You don’t know what you don’t know

Sometimes it’s best to listen before offering up opinions and reacting to things. 

We came to subscribe to that notion early in life, long before this current political climate of absolutes. There is usually more to any given story than provided initially. Long-term solutions require thought.

Housing is one such issue that has layers of consideration.

Cost obviously is a primary factor. This significant part of the conversation has for decades driven inaction. The bill for inaction is now becoming due with significant strain on aging infrastructure, missed planning opportunities and current land costs that make it difficult for simple math to prevail. 

On top of those financial implications are the hidden costs of inaction, now finally emerging from the shadows. Encampments, substance abuse, untreated mental health, thievery – we see all these things as part of the bigger housing picture.

Despite national and provincial leaders talking the talk and making housing the issue of our times, they haven’t clue one. A bit of money sprinkled here and there does little to bring about the systemic changes required, but it is a start even in the simplest of terms.

The County of Wellington is leveraging that seed money to better understand the housing issue. Credit for that rests with Luisa Artuso and her social services team for structuring ongoing symposiums. 

We would have preferred to see more gracious moments from those involved, but frustrations abound. Opportunities will come for those able to tell their story with sincerity and genuine hopes for a better outcome. The ability to break through the current malaise requires political leadership of which we are in scant supply. This file needs a champion. 

The answers of course will require a few broken eggs as they say. 

Inflated development charges will need to go. 

Attitudes that developers have exceptional rights to achieve their own ends, need to be closely examined. Let us remember that long after that big marketing machine moves out of town, it is the community that deals with the fallout of poor planning. 

Taxation needs to catch up with public policy. Why should MPAC penalize multi-unit properties for filling a public good?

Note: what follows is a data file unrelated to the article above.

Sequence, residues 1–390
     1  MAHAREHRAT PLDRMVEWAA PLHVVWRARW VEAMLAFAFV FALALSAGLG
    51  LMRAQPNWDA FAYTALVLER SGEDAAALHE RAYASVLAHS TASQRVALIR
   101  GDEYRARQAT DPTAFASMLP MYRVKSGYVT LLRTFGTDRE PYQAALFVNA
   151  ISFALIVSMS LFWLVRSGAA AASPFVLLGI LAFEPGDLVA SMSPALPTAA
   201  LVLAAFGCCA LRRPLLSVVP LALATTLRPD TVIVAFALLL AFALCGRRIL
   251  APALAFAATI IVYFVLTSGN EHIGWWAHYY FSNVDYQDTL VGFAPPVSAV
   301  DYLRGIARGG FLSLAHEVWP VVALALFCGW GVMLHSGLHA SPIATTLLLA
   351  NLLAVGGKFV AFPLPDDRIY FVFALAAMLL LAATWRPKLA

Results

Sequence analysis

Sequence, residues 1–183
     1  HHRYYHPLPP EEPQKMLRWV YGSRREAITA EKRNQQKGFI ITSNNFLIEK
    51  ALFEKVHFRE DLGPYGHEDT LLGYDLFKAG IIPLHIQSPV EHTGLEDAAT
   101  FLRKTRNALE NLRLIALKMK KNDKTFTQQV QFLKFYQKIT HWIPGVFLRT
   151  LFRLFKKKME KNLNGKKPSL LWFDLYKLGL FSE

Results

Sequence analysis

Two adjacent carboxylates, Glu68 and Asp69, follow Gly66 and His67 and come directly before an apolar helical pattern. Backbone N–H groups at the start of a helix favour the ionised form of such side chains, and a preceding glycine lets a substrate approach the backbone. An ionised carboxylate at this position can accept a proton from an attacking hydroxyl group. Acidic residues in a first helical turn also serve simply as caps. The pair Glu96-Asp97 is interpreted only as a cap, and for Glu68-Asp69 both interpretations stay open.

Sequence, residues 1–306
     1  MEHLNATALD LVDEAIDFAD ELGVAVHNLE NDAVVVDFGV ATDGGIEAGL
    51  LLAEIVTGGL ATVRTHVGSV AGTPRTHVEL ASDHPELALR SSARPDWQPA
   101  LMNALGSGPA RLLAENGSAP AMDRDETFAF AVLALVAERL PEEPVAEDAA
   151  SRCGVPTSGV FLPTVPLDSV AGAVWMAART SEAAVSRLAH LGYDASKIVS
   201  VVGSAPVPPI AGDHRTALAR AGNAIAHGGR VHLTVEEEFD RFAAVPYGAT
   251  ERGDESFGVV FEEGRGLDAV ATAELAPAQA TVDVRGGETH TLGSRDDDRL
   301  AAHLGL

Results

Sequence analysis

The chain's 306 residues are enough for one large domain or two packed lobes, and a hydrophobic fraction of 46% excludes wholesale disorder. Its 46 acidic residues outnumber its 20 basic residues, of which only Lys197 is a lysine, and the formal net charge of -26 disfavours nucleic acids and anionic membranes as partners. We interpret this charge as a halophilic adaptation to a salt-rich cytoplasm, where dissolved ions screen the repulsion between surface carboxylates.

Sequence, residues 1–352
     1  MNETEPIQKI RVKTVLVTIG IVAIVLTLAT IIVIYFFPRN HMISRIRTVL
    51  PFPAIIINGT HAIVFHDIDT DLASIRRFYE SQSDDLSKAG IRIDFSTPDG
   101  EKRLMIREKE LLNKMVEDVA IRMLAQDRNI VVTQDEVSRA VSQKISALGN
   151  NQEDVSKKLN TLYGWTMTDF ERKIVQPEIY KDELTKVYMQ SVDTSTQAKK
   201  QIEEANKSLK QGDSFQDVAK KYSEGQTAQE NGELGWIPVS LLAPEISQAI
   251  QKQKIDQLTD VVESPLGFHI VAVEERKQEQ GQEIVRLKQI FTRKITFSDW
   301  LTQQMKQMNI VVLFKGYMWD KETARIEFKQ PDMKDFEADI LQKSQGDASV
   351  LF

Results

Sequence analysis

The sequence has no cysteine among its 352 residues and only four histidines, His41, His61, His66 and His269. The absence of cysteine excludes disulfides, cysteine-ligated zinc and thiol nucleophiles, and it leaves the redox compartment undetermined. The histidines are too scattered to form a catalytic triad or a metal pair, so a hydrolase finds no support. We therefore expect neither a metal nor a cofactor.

Development that fails or is incapable of accommodating housing types and volume needed to address community need, reflects old thinking. The system can’t continue to be about professionals and well-paid staff hung up in the past, wringing dollars from applications.

We wish the county luck with these efforts. It is long past due, but the path forward looks optimistic.

Tri is Latin for 3

We were heartened months back to hear the Minister of Education speak about getting back to the basics. Reading, writing and arithmetic as academic imperatives make a lot of sense. 

Latin, however, was removed from the curriculum long ago and its chance of a resurgence is in great doubt. Words, language, fundamentals of communication – all appear to be a dying art for those of us still hung up on printing words and writing.

We were puzzled a week or two ago when Premier Doug Ford got on the subject of four and five-storey tri-plexes and four-plexes reaching to the sky. He repeated his position that single-family homes are what his government is going after. 

Dependent on one’s lot in life, the idea of smaller units within single family homes would be unseemly. But given their druthers, tenants and landlords would happily choose to rent a basement or attic unit for a reasonable price. Impact on the immediate neighbouhood would be negligible. 

This math isn’t that hard, Mr. Premier. Tri just means three.